Incorrect! It was A barrel issue. Not only was I there but the shooter is a personal friend.I think I remember it being caused by old ammo with a corresponding head space problem as well.
Interesting so was I PM me I would love to know who this is?was on the DM range the day it happened. That was in 2001. Very cold winter day for the desert.
The shooter was lucky to be alive.
The pictures don't show it real well. But the bbl looked like it was cast iron with the porous nature seen in the fractures.
Yup-NEVER use a 'no-name' bbl or rec'r--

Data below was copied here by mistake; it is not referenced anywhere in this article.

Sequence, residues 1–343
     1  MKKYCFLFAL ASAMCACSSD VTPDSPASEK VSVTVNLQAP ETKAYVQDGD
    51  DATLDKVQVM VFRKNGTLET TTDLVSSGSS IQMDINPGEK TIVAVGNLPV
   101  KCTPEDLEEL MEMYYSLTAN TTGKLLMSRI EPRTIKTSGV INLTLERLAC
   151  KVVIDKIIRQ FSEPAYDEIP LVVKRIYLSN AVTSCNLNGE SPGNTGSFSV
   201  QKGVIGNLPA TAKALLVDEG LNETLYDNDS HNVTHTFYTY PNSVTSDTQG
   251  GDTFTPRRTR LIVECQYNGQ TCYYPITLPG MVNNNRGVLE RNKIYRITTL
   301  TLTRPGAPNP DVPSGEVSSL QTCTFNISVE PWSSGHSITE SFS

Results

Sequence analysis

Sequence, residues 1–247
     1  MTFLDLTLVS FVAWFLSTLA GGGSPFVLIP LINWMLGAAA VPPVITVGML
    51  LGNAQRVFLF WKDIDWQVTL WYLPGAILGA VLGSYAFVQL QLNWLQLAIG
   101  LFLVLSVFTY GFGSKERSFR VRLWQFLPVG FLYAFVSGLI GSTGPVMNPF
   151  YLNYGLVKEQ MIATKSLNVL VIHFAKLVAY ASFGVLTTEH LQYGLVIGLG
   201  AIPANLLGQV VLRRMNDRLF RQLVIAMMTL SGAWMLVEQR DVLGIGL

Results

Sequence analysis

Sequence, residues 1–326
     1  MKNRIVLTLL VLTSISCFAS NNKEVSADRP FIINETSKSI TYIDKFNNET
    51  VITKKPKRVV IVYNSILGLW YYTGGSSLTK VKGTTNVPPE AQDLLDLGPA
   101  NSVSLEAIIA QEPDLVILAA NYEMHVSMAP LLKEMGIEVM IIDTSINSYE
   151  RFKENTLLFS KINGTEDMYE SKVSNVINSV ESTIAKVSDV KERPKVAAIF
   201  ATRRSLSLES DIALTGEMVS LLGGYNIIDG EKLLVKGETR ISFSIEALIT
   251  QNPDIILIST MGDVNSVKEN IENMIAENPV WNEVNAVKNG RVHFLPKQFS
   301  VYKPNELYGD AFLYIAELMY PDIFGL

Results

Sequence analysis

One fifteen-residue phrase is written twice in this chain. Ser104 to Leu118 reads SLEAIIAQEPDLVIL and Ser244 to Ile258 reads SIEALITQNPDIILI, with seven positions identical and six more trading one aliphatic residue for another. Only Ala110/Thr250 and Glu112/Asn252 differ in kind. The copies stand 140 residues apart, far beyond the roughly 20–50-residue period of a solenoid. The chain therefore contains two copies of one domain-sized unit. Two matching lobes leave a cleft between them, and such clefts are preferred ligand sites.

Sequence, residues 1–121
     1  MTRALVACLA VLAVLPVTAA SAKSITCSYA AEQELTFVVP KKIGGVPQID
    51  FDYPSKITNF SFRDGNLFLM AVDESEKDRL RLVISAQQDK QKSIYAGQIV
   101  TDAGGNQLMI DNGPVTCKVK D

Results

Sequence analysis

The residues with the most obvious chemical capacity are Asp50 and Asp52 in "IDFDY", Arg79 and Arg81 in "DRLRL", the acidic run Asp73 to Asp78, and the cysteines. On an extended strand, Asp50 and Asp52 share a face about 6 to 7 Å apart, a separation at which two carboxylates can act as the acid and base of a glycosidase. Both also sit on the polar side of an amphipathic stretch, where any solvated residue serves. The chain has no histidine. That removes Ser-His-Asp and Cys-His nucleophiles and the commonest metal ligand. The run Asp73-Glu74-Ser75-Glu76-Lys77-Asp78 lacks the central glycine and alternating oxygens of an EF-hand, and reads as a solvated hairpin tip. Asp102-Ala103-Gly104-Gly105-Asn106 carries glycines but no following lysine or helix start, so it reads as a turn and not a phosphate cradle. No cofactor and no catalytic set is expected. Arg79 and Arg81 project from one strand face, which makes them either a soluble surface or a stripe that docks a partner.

Your spot on. that rifle was built by a Marine Corps Armory for him. The rifle last for many Thousands of rounds but finally had it's Kaboom. The ammo was Germain Ball and he fired thousands of rounds of that before it went. He had just swapped out the flashider for a muzzle brake and was zeroing the rifle. He zeroed up with some Federal Gold match 168's and then wanted to test his balls zero. First round turn the rifle into a mess. Besides his hand getting a bit if rash and the shock of what had happen he was fine. In the end Fulton built a very nice rifle for him.This may have well been one of the barrels I referred to in another thread. If so, that makes ten of the 35 barrels from this batch that failed. The barrels originated in California and were sold unfinished from a Marine Corps contract over run. The buyer had the finish machining done and sold them in the white. I bought two and one of those failed after about 1800 rounds. Only M118 ammunition was shot in it. The other was sent to Frank Smith at the NGMTU for analysis. It was found that the cause of the failures was because the barrels were not stress relieved after machining to contour. It wasn't thought that the quality of the steel had anything to do with these failures. The original contractor had an excellent reputation for his barrel work.